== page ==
The City of Spokane is updating the transportation chapter of the city’s Comprehensive Plan in 2014. On Thursday they released a 12-page booklet with the Inlander that outlines the process, the philosophy that drives it and some draft goals for the final product.
There are some great ideas in the document, some of which are already being enacted. Projects like the Crestline water main and the upcoming High Drive redevelopment incorporate some of the vision the city is talking about (combining transportation and utility projects to stretch limited funds). The big question is how these concepts, some of which are already in the current Comprehensive Plan, can be enacted in current projects like the development of the Southgate District Center.
The booklet emphasizes the need to encourage multi-modal transportation options with the goal of creating “livable streets”. Features like dedicated bike lanes, roundabouts, and pedestrian connections are held up as “Best Practices” in transportation planning and design. These are all elements of the complete streets approach Southgate Neighborhood took in developing our Neighborhood Connectivity Plan. I encourage you to look at the city’s plan and see how it melds with our neighborhood’s.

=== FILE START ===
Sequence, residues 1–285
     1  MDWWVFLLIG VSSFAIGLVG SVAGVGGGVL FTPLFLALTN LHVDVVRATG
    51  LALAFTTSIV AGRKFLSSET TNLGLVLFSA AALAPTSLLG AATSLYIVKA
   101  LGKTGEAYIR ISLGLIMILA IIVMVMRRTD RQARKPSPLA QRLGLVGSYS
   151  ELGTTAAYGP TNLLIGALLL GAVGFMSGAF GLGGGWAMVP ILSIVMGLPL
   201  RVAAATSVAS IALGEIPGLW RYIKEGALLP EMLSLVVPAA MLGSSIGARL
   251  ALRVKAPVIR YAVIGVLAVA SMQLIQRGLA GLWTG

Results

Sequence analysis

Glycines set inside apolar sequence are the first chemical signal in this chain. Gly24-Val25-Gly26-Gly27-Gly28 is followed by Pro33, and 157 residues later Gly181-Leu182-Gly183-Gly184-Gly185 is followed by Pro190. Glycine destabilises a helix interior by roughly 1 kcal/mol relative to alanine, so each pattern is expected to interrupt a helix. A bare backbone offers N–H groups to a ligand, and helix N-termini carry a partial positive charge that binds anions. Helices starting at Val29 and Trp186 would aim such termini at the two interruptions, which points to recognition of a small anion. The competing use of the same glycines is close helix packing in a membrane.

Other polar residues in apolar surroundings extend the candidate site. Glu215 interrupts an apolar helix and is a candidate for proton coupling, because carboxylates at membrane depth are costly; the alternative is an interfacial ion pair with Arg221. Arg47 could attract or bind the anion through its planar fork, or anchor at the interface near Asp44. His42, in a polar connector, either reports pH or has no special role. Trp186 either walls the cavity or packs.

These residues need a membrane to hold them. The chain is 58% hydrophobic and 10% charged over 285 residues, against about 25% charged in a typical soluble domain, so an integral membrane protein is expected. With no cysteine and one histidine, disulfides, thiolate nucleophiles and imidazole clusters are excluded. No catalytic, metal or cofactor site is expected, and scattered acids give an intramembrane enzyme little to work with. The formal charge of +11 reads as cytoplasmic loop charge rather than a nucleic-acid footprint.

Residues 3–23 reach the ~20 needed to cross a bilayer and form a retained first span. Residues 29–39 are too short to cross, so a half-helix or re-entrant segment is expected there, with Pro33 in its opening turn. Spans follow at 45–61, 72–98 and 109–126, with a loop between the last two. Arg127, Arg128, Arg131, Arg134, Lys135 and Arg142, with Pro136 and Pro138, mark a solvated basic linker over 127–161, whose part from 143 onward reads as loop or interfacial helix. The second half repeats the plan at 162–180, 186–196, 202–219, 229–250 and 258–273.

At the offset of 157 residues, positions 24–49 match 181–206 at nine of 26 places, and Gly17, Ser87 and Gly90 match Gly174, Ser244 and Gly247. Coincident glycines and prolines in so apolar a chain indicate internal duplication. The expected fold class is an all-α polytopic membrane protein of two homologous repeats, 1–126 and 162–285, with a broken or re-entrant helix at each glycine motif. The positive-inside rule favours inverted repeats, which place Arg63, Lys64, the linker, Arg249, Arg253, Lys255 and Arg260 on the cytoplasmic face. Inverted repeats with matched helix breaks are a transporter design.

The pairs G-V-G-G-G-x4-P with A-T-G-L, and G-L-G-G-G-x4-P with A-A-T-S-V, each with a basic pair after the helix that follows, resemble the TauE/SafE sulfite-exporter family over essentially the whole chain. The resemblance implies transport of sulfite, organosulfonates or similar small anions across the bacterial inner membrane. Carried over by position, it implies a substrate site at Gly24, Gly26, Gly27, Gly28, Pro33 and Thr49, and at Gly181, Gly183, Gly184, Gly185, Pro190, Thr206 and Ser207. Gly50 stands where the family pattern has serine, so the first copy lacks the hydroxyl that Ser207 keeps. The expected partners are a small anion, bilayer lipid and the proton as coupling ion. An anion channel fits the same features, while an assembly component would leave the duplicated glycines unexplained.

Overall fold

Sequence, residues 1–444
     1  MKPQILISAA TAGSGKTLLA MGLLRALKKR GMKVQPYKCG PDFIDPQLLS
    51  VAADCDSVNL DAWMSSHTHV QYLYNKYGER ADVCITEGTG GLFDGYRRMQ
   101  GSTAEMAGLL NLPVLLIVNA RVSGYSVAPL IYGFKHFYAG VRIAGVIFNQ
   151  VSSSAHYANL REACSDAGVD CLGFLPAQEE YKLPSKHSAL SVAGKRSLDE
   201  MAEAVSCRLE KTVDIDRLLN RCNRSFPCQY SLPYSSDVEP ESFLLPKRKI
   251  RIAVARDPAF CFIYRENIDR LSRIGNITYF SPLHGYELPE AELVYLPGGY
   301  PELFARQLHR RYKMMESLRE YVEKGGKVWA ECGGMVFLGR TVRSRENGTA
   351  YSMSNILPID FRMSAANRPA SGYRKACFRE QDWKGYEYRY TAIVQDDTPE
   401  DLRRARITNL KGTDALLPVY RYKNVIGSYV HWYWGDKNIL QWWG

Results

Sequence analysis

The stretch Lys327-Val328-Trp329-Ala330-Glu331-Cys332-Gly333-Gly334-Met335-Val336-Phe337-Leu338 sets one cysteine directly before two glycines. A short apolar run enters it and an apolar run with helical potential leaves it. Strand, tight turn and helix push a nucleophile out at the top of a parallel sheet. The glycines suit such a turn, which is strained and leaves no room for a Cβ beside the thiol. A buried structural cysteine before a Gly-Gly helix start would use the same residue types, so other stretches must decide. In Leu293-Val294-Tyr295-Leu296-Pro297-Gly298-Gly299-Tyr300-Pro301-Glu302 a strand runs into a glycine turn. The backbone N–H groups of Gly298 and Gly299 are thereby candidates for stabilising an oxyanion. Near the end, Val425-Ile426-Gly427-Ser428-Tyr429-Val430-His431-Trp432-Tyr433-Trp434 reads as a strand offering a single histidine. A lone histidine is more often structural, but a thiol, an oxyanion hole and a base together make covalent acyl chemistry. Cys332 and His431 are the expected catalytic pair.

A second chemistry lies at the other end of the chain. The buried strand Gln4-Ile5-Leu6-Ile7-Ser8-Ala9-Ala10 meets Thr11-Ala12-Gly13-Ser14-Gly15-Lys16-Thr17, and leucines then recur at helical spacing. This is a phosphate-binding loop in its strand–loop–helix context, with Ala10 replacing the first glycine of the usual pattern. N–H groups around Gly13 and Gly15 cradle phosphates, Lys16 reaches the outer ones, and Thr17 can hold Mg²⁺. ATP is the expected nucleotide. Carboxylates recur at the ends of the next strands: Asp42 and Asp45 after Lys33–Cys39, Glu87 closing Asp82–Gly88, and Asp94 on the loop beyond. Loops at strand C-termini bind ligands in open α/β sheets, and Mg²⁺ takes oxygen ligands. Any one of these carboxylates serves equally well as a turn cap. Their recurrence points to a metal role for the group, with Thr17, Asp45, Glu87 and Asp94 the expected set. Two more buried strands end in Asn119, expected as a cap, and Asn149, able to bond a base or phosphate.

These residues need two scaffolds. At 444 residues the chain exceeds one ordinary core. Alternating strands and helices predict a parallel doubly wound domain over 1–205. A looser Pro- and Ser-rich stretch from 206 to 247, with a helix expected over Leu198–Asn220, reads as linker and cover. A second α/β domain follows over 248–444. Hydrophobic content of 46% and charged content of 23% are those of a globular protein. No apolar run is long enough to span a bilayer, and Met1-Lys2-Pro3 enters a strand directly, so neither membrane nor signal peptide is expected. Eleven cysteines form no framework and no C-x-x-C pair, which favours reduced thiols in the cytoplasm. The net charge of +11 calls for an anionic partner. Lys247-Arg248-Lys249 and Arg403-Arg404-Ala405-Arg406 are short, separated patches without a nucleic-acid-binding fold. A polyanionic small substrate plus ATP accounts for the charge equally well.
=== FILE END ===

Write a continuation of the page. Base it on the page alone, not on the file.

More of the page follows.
The city is encouraging public input through a series of open houses starting early next month. The full list is on the back of the brochure or can find the information on the Spokane Planning Department website. I’ve also entered the events on our website calendar. Now is the time to put this on our radar and give our input to the city since this update will set the tone for transportation planning in our area for the next 20 years.